8 Things About Twerking That You Probably Didn't Know

All in a day's twerk.

It sure seems everyone, including ballerinas and teachers, is twerking. However, when it comes to the history and medical benefits of this dance move, there are some major facts that often get overlooked. 

Here are eight things about twerking to turn you into a twerk-ologist, once and for all. 


1. It's in the dictionary.

Spelling bees got cooler when Oxford Dictionary added "twerk" as an official entry in 2013. The definition reads: "Dance to popular music in a sexually provocative manner involving thrusting hip movements and a low, squatting stance."

2. Miley Cyrus didn't invent it, Duh.

Sorry Miley, but you did not invent twerking. While the dance has been popularized in America in past decades, it has a much longer history. It's been associated with West African traditional dances, specifically, a style called Mapouka. And even the ancient Greeks had a similar move called "kordaks" or "kordax." This was a provocative dance in Greek comedies with similar movements as twerking. Zeus would be proud indeed.

3. New Orleans brought it to the U.S.

Twerking finally made it to the U.S. in 1993 when DJ Jubilee, who was part of the growing New Orleans' bounce music scene, declared in a song to "twerk baby, twerk baby, twerk, twerk, twerk."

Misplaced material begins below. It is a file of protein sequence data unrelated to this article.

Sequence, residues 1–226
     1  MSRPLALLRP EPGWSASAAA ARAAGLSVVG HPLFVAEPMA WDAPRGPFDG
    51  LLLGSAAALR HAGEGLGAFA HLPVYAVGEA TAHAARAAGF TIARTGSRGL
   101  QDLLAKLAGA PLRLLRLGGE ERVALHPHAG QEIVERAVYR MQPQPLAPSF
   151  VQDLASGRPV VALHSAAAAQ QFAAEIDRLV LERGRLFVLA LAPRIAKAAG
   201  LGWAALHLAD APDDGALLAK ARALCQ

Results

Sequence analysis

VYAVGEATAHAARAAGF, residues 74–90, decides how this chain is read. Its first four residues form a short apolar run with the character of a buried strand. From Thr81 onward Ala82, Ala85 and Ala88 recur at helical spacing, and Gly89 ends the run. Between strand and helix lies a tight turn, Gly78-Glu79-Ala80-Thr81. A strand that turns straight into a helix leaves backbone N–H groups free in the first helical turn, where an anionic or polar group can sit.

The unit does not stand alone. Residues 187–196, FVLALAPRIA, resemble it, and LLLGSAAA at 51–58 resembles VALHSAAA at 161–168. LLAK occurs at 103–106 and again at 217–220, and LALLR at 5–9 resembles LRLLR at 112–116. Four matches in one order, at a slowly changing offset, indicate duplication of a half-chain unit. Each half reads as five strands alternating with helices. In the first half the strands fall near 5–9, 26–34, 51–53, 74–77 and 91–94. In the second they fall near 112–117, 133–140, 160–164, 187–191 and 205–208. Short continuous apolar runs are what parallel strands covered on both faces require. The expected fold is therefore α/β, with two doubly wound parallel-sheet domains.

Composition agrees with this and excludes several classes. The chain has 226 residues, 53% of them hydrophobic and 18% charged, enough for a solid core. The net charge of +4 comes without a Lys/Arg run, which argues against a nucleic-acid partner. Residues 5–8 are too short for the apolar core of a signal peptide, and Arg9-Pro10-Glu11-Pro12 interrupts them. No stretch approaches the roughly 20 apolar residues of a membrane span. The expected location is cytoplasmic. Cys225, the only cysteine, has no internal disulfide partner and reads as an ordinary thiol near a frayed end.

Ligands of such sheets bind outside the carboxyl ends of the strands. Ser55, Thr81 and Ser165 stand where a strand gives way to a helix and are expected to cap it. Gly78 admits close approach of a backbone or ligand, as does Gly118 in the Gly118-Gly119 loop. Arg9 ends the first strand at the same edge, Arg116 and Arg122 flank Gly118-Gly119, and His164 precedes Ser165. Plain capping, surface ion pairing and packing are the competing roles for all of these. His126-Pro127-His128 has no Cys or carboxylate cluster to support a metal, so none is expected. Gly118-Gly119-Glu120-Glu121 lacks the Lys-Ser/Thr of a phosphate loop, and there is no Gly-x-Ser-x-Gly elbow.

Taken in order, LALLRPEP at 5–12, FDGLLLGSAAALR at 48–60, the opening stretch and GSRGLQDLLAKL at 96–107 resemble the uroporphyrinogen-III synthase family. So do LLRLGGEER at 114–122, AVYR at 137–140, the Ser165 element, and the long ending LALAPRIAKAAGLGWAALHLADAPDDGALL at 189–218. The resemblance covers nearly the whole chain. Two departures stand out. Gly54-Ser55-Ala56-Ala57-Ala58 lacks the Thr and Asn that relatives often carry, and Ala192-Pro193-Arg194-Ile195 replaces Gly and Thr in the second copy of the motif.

4. The Ying Yang Twins spelled it "twurk" in a song.

By 2000, twerking started to become mainstream in hip-hop. And then, the Ying Yang Twins confused everyone by spelling it differently in their song "Whistle While You Twurk." Since then, the spelling has been reaffirmed as T-W-E-R-K.

5. The longest twerk duration is over one hour.

While most twerk for just a couple of minutes, two BBC 1 Radio DJs did it for over an hour. Minutes after DJ Nick Grimshaw broke the Guinness World Record for longest twerk duration, with over one hour of movement, his co-worker DJ Greg James stole the title by clocking in at one hour and eight minutes. What a pain in the... you know.

6. A Mexican University is using it to encourage reading.

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With illiteracy being a major issue among young people in Mexico, it seems that Mexico's National Autonomous University started a "Grind A Book" campaign to make reading more fun. It basically combines twerking/grinding with classical literature works from Shakespeare and others. "To twerk, or not to twerk, that is the question."

7. It can cause back pain.

While the fitness and weight-loss benefits of twerking are well-documented, it seems there might be some adverse effects. Poor back posture related to twerking can result in pulled muscles, spasms and stiffness. If you twerk, hopefully your chiropractor will understand.

8. It can help get rid of constipation.

Move over Pepto Bismol and Indian cuisine, you might have some competition. While there is no official medical study, Miley Cyrus said that twerking cured her constipation. There was also a video of a woman twerking and then crapping her pants. So it seems your bowels might thank you for twerking.

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